As for the 2006 May Day immigrant action, “The Great American Boycott,” its title in Spanish was “El Gran Paro Estadounidense”—meaning “The Great American Strike.” In practice, as it involved multi-industry boycotts and strike actions, the 2006 mass walkout for immigrant rights can be viewed as a general strike. Over 1.5 million people participated. But since they were mostly immigrants, many American citizens, Leung included, don’t think of it as a strike at all. Certainly it wasn’t as strong as the 1945-46 strike wave, or the 1970s wildcat strikes. But in immigrant cities like LA and Chicago it definitely had significant political and economic impact. If it had gone on longer than a few days, many citizens would likely have felt those effects nationwide.

So the question is: Will the upcoming one-day strike calls have as powerful a political economic effect as a classic general strike? Probably not. In that case, will they be as powerful as a major wildcat strike? Not just yet. How about the 2006 Great American Boycott by immigrants? Will they be that big? That’s probably the sweet spot. The recent Women’s Marches were able to pull an estimated minimum of 3.3 million people out on a weekend when many participants weren’t working. Do a third of those numbers on a workday, and you’ve reached the lower estimate for the 2006 immigrant strike.

Frankly, both the March 8 and May 1 strike calls could be big. Both are aimed at constituencies that have demonstrated ability to turn out in large numbers. And neither call is led by labor unions that can’t easily call general strikes; so there is an opening to do so. But they will only be powerful to the extent that they threaten the established political order. And there the differences between the two events become clear. The March 8 Day Without a Woman strike is being called by some of the same forces that organized the Women’s Marches in January. Forces that, as I’ve previously written, are directly connected to the neoliberal Clintonite wing of the Democratic Party. Folks who just lost an election because they refused to put working people’s needs over corporate profits.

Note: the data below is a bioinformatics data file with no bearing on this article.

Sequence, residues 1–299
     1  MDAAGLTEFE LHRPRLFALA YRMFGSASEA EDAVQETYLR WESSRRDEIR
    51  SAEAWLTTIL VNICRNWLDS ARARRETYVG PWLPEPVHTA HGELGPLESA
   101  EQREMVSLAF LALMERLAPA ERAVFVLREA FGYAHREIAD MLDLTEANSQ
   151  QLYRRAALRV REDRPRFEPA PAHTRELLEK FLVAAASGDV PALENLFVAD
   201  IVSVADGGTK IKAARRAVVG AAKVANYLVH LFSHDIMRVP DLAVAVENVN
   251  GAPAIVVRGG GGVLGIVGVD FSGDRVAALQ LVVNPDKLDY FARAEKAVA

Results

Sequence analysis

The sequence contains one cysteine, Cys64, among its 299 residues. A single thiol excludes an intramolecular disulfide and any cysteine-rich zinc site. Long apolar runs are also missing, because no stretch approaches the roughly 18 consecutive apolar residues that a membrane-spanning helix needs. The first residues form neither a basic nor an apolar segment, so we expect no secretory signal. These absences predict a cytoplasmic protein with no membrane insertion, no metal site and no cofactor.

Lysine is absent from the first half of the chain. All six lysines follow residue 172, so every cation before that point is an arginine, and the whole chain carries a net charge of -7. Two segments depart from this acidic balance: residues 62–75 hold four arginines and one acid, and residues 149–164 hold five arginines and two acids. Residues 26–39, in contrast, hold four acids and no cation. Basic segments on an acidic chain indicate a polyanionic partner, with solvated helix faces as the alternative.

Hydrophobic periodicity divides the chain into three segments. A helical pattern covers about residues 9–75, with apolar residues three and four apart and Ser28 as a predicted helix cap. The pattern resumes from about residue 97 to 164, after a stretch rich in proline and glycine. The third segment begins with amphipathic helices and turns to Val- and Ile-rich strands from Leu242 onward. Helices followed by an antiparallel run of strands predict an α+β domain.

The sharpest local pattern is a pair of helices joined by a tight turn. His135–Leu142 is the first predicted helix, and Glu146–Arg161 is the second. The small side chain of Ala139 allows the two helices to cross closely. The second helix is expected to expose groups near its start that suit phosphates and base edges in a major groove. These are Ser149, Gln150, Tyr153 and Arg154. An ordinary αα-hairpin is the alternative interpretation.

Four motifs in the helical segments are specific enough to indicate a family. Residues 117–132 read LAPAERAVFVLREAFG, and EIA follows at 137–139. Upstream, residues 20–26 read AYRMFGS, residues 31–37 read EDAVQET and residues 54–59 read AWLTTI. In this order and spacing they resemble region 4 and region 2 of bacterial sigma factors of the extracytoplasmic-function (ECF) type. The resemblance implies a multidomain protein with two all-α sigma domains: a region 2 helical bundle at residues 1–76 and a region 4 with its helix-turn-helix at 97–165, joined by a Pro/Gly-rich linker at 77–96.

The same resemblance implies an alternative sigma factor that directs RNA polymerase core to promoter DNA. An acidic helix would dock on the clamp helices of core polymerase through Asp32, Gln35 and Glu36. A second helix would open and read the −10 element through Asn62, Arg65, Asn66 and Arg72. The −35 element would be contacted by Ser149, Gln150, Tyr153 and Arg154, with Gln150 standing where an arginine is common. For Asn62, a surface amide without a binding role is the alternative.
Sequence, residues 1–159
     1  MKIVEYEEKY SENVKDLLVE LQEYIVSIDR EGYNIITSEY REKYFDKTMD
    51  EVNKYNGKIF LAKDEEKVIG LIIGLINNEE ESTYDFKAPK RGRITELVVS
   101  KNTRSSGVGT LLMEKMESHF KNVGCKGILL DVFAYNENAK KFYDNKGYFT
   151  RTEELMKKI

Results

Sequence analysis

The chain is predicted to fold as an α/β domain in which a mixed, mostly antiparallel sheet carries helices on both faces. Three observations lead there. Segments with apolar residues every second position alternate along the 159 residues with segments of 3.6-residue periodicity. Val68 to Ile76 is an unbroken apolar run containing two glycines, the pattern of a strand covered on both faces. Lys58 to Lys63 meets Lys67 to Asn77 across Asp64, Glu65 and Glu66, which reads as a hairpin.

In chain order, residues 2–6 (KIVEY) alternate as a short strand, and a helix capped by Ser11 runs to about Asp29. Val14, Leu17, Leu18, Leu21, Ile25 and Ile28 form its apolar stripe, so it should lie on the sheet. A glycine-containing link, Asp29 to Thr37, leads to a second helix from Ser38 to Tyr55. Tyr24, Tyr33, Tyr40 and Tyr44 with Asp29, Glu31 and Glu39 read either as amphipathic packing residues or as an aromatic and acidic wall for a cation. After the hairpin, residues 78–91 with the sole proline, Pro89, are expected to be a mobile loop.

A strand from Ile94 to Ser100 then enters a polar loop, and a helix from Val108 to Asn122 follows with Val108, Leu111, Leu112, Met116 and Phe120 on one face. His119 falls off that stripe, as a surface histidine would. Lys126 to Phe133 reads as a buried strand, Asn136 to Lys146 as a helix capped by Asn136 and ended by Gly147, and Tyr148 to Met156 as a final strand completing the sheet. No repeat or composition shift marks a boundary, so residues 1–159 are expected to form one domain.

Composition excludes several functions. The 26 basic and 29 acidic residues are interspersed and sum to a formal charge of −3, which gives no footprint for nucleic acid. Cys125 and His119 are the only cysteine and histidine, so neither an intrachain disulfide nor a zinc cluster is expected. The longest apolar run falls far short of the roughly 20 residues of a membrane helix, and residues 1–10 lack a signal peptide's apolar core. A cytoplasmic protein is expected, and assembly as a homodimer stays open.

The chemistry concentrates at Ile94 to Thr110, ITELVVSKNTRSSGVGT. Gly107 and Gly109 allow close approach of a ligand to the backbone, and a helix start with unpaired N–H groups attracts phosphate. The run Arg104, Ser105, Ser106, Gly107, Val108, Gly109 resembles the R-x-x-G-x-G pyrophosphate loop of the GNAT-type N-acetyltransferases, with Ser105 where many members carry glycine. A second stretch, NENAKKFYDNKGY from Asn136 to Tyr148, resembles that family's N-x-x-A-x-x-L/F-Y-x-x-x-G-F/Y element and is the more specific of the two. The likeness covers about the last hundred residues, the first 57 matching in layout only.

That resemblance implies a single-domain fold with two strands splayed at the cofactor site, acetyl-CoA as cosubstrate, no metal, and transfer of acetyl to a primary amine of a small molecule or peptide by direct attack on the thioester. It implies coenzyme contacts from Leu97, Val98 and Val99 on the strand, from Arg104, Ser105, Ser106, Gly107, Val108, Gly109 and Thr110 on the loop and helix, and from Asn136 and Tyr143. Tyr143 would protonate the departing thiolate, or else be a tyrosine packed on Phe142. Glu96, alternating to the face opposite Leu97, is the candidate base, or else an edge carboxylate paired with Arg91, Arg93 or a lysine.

But the May 1 Day Without Immigrants strike call is being organized by Movimiento Cosecha—a fast-growing coalition of militant young left-wing immigrant organizers. They are potentially limited by their focus on immigrant communities. However, they were recently screwed by the Democratic Party and the Obama administration—which both failed to respond to their demand that all 11 million undocumented immigrants be granted legal status before Trump came into office. So they are less likely to heed the siren call of Democratic leaders to tone down their protests when they become inconvenient for the Dems’ corporate backers, and therefore far more likely to actually build their May Day effort into something approaching a general strike than the March 8 organizers are.

Their call to action makes that intent quite clear:

One day is just the beginning of a season of strikes and boycotts. We know that each time we strike for a day, we will build power. And the more days we strike, the stronger we will feel. The more desperate those in power become. The more the elite will want business to return to normal. They will be forced to figure out a way to give us permanent protection. And in the process, we will win the dignity and respect that we deserve and demand.

Ultimately, debates over whether major work stoppages are “real” general strikes aren’t the point. What matters is “boots on the ground,” and the ability of organizers to translate their numbers into political and economic gains. Any coalition that can pull millions out of work and into the streets against the Trump administration will write a new chapter in both American political and labor history. Which could be just the game changer our incipient movements for democracy need. But if there turns out to be more than one such coalition, so much the better.

Apparent Horizon is syndicated by the Boston Institute for Nonprofit Journalism. Jason Pramas is BINJ’s network director and senior editor of DigBoston.

Copyright 2017 Jason Pramas. Licensed for use by the Boston Institute for Nonprofit Journalism and media outlets in its network.

Check out the Apparent Horizon Podcast on:

iTunes, Google Play Music, Blubrry, Stitcher, TuneIn, and YouTube




Photo by Chris Faraone

February 6, 2017